Town of Norwood

Home Information A Brief History of Norwood - 1960's - St. Timothy's Roman Catholic Church opens, Route 95 completed
A Brief History of Norwood - 1960's - St. Timothy's Roman Catholic Church opens, Route 95 completed PDF Print E-mail
Article Index
A Brief History of Norwood
Conflict with Britain & relation to Town Seal
Farmers revolt against the State's Government
Incorporation of Norwood
First Town Meeting
Establishment of Town Manager Government
1920's Plimpton Press Strike
1930's Municipal Airport Opens
1940's Adjustment from heavy insdustry to light manufacturing
1950's Economic growth, population increase, the Automile
1960's - St. Timothy's Roman Catholic Church opens, Route 95 completed
1972 - 100 Year Celebration
1970's & 1980's - Decline in population, increase in housing constructions
Summary
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During the 1960's Polaroid added significantly to the manufacturing capacity of the town when it constructed a camera factory on the old Forbes estate on Route 1A near Islington, a facility that provides substantial employment to the community and surrounding towns to this day. On the same side of the town the Norwood Research and Industrial Park opened, providing well over one hundred aces of prime industrial land for development. Norwood Hospital opened the first of two additions, one in the early sixties, which virtually doubled its capacity, the second in the early eighties on land ceded by the Civic Association. The town's decision to close a portion of Lenox Street allowed the Plimpton Press to expand its capacity for the production of books. On the western side of town, on the Walpole/Westwood line, the town's fourth Roman Catholic church, Saint Timothy's, opened on the shores of Willett Pond.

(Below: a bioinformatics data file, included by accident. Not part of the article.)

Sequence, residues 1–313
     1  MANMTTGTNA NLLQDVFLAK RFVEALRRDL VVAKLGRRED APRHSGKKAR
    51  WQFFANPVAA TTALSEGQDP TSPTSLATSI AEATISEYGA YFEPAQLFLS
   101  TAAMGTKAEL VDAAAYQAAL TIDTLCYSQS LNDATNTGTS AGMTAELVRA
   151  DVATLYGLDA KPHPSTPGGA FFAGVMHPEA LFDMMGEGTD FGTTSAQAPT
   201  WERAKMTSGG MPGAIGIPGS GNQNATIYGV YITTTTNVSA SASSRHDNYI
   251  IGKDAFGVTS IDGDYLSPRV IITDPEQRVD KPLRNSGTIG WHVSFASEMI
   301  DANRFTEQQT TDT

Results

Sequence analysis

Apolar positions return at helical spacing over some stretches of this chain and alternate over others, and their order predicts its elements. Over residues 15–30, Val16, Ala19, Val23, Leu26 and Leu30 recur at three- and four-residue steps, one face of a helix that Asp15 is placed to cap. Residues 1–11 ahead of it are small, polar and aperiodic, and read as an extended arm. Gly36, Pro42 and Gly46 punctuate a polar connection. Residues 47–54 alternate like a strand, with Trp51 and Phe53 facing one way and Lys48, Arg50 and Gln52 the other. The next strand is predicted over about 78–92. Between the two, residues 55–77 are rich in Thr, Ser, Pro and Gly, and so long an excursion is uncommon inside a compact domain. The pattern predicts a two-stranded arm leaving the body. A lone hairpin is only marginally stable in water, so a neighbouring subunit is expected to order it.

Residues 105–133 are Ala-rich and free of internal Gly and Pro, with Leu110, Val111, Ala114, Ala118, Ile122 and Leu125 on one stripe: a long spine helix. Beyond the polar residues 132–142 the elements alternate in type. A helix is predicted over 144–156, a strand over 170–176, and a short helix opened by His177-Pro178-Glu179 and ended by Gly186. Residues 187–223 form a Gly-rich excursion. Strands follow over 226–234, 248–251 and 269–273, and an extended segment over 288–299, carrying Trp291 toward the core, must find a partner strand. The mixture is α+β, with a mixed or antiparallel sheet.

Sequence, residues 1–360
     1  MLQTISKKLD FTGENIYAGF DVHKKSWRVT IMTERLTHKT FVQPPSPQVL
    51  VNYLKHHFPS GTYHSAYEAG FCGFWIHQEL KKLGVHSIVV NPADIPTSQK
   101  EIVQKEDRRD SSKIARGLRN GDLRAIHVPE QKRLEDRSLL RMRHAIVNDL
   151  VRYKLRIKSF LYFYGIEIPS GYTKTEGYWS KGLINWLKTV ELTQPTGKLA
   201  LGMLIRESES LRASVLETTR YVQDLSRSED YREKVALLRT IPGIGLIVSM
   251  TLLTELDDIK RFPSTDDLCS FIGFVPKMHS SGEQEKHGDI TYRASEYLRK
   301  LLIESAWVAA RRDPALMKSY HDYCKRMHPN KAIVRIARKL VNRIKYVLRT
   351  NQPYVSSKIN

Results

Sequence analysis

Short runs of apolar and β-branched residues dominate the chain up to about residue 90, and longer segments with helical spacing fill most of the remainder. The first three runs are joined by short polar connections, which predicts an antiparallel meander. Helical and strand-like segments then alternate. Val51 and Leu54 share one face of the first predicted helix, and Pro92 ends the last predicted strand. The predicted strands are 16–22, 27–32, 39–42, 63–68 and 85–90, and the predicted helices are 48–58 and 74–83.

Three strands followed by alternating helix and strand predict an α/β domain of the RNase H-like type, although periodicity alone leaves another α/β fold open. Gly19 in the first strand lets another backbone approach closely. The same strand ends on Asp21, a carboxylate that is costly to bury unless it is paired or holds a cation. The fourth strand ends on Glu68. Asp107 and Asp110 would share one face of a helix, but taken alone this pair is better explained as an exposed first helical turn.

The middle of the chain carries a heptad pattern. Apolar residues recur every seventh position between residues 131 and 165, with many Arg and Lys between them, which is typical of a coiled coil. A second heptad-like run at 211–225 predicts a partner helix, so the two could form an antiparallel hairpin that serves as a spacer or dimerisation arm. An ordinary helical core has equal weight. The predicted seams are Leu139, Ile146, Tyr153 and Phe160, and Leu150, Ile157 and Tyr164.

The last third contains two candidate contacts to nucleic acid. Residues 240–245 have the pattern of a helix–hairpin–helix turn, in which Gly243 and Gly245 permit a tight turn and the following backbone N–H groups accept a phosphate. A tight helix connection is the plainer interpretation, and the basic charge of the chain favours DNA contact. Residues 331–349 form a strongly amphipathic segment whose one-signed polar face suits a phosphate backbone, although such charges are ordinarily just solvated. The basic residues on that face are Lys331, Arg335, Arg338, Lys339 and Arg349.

Mid-decade saw the completion of Route 95 on the extreme southern edge of town, providing a third route parallel to Routes 1 and 1A with access to the center of town by way of Nahatan Street. On the residential front, Windsor Gardens, sited on the Walpole border between 1A and the Franklin-to-Boston commuter rail line, provided approximately one thousand units of housing in an attractively landscaped setting with the substantial advantage of a commuter rail station on the property. As more and more Norwood residents have worked out of town, many in Boston, the economic ups and downs of local industry have had a less immediate effect on the town's economy; however, lay-offs and plants closings in distant towns, a matter of little local interest in the Nineteenth Century, when virtually all workers lived within walking distance of the factories in which they worked, now send their consequences over the miles of rail and superhighway to Norwood.



Last Updated on Thursday, 29 May 2008 23:21
 

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